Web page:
I acknowledge working on New Zealand turf gives me an easier road than working overseas, but working with people who have completely different value systems still has its challenges. Thankfully the Word of God is full of good advice on how to manage our personal lives, our finances, and how to interact with others. During my first couple of years in business I studied the book of Proverbs – I’d go through a chapter a day. I also became more conscious of the need for the fruit of the Spirit to be daily outworked in my life – I really believe that the ‘fruit of the Spirit’ encapsulates the nature of Immanuel, the Christ we want others to see.

I feel I have been incredibly blessed. There have been many precious afternoons where our tearoom at work has filled with friends who stayed on into the night… lots of eating, drinking, talking and laughter as we shared in each others lives. Often it’s in this warm, friendly hub, as I listen to their stories, that I get to see beyond the gulf of religious and cultural differences, and I see their hearts. As the frustration and busyness of the day melts away, God reminds me of His love for each of them, and His desire to be known by them – what a privilege to have a chair in our tearoom!

We’re quite an interesting bunch, so let me introduce you to some of my business family: the dearest Afghan gentleman, who’s deeply concerned on how to bring both of his wives to New Zealand; the loveable Iranian rogue who hides ‘halal’ whiskey behind the fridge and teases the more dedicated Muslim, who won’t join him in a drink but admits to never buying anything off a Muslim if he can help it; the mocking, hard young man who defends Islam yet lives an immoral life; and the crazy, personable Casanova who has mixed Islam and Buddhism and believes he’s a prophet. You can see why I hesitate when asked to explain what a Muslim believes on a certain topic – telling you what the Qur’an says is no problem, but what individual Muslims believe… that’s different. It’s so important that we get to know and understand each person God has put into our lives as being unique, and not assume we know exactly what they believe just because we can categorise them.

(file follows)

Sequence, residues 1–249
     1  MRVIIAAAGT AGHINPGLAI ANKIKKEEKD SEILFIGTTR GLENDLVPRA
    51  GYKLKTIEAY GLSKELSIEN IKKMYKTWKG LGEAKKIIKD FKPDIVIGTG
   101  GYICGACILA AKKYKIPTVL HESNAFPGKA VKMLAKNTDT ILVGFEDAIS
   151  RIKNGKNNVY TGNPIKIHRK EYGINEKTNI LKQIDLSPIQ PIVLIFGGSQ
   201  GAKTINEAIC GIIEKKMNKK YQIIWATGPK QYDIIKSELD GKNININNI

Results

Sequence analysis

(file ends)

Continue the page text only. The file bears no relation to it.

Dabbling cross culturally can initially be somewhat of a romantic and alluring experience. It’s as we move from curiosity to a commitment that we find ourselves stretched uncomfortably at times. My commitment to cross-cultural involvement, and then business, has been the vehicle God has used to unravel my human frailty. It’s been in this place that I have come to understand God’s grace in my life and, in turn, for others, in a far deeper measure. This painful inner transformation has been His greatest gift to me – I thought I was going out to change the world, and ended up seeing the greatest change happen in me!

As believers in God’s unfathomable creativeness in making each of us unique, tailored for His purposes – why do we continue to be surprised when He chooses that different path for us? That warm, sunny afternoon when I thought I was just stopping to offer three children a ride home, I had no idea that God was about to lead me down a path that not many others have journeyed on.

But all followers of Christ are ‘born again’ with that mission to love Him and make Him known – and if business is your business, then that’s obviously the place to make Him known. As Christ-centred business people we can help those around us understand and appreciate justice, the boundaries of freedom, and the many beautiful attributes that can only be experienced in Him.

The author is currently located in New Zealand where she continues to develop her business and shares her life with many in the Muslim community. She also spends time in the Middle East.